Study objectives: To assess the incidence of tuberculosis in the native and immigrant populations of southern Israel in the period between 1992 and 1997, and to study the prevalence of drug resistance overall and among these subpopulations in the region in order to create guidelines for empirical antituberculous treatment in this region.
Design: A retrospective population-based study.
Setting: The southern district of the country and its tertiary-care hospital.
Patients: All new culture-proven tuberculosis cases diagnosed in adults residing in the Negev region during the study period. Patients were classified into four groups according to ethnic origin and immigration date.
Results: During the study period, 249 new cases involving 249 patients were recorded. Immigrants from the former Soviet Union (IFSU) were significantly younger and of male gender, and the incidence among this group rose sharply. IFSU had higher rates of resistance to any drug or drug combination. Isoniazid resistance rates were 16% overall and 32% among IFSU. Resistance to any drug was observed in 29% overall and 50% of isolates among IFSU. Multidrug-resistant tuberculosis was observed in 8.5% and 17%, respectively.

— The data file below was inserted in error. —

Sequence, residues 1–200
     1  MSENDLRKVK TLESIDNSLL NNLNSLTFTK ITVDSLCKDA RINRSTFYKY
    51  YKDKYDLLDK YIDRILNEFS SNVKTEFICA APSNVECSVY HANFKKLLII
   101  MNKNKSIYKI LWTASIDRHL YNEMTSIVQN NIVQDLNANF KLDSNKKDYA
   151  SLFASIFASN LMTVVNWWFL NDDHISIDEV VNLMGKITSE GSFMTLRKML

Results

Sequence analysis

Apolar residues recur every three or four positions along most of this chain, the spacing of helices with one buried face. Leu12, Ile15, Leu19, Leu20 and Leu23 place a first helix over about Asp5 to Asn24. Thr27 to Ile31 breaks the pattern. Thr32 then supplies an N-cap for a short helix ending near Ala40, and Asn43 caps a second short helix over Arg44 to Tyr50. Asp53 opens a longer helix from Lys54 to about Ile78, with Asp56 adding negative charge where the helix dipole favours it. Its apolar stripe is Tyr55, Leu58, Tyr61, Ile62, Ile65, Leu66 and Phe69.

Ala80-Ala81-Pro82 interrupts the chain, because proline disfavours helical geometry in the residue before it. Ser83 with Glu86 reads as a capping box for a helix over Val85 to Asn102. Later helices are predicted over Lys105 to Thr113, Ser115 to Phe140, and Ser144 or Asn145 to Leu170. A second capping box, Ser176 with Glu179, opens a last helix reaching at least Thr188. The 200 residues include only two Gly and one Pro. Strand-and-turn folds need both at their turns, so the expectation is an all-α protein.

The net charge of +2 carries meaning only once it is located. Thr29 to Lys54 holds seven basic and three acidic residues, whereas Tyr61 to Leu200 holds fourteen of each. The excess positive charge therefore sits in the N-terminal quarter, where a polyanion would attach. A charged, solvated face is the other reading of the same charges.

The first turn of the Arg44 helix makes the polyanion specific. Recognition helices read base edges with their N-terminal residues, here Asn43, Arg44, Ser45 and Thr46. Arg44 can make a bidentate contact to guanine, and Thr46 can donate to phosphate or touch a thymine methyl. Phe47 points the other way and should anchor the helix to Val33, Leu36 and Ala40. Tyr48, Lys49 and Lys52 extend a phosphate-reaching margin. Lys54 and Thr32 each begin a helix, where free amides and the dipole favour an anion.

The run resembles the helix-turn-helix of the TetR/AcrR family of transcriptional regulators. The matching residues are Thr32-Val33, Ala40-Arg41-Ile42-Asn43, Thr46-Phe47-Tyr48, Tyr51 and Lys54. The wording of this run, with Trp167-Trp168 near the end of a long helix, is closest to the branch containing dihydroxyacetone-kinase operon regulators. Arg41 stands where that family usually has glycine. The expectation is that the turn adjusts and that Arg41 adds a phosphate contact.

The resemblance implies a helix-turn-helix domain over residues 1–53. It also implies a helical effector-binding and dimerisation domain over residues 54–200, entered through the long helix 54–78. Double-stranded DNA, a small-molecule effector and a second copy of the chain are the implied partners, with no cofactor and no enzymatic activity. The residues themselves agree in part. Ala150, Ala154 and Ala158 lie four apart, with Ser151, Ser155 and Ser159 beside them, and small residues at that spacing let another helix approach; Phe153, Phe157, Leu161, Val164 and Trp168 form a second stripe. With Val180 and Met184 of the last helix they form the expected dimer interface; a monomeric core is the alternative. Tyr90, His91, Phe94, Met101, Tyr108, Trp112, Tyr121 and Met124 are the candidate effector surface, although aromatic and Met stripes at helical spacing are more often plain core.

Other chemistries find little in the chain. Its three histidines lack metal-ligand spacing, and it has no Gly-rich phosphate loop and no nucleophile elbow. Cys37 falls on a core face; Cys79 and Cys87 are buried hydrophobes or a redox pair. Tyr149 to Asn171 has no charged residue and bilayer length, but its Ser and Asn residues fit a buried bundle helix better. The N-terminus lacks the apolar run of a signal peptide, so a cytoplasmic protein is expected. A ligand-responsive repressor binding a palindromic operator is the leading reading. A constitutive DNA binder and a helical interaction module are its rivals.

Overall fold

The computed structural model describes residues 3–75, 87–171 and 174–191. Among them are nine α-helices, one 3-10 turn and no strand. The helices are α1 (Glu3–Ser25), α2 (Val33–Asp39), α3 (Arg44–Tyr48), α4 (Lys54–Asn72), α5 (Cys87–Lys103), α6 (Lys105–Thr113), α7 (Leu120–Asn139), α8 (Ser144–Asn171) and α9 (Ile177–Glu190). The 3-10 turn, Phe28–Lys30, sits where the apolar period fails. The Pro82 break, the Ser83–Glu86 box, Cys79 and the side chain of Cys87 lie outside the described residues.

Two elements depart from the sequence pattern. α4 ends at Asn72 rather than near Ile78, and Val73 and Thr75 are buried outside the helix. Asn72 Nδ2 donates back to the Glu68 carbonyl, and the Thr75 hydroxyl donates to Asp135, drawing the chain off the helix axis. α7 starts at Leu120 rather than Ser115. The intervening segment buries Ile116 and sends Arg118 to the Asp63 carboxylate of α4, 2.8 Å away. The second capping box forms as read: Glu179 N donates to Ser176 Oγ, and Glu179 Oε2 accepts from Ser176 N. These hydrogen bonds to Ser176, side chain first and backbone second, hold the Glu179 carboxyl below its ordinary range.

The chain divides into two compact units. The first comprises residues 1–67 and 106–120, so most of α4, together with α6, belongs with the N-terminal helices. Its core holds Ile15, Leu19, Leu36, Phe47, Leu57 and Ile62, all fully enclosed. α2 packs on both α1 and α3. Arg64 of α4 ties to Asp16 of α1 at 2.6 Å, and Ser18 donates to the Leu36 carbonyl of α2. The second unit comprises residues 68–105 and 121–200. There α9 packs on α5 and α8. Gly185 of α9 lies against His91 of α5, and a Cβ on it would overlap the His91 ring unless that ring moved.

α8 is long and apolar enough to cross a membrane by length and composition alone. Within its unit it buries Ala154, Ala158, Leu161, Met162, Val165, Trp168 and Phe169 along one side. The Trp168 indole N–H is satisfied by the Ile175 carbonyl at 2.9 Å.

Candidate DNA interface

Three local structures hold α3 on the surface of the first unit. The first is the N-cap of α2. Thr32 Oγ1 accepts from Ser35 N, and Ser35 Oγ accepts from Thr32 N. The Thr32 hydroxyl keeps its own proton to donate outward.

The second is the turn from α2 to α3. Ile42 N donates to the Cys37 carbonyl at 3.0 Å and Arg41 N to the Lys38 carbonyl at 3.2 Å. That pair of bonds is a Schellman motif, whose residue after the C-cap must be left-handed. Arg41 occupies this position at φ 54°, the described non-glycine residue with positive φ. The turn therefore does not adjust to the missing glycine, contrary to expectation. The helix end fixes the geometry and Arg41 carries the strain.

Conclusions: The population of southern Israel carries very high rates of drug-resistant tuberculosis, mandating quadruple empiric treatment. IFSU should be regarded as having multidrug-resistant tuberculosis until proven otherwise, and empiric therapy with at least five drugs should be considered. This report demonstrates the influence of immigration on the incidence of tuberculosis, and the great value of local surveillance of population-specific resistance rates in an immigrant society, in order to optimize drug treatment and prevent the dissemination of resistant strains.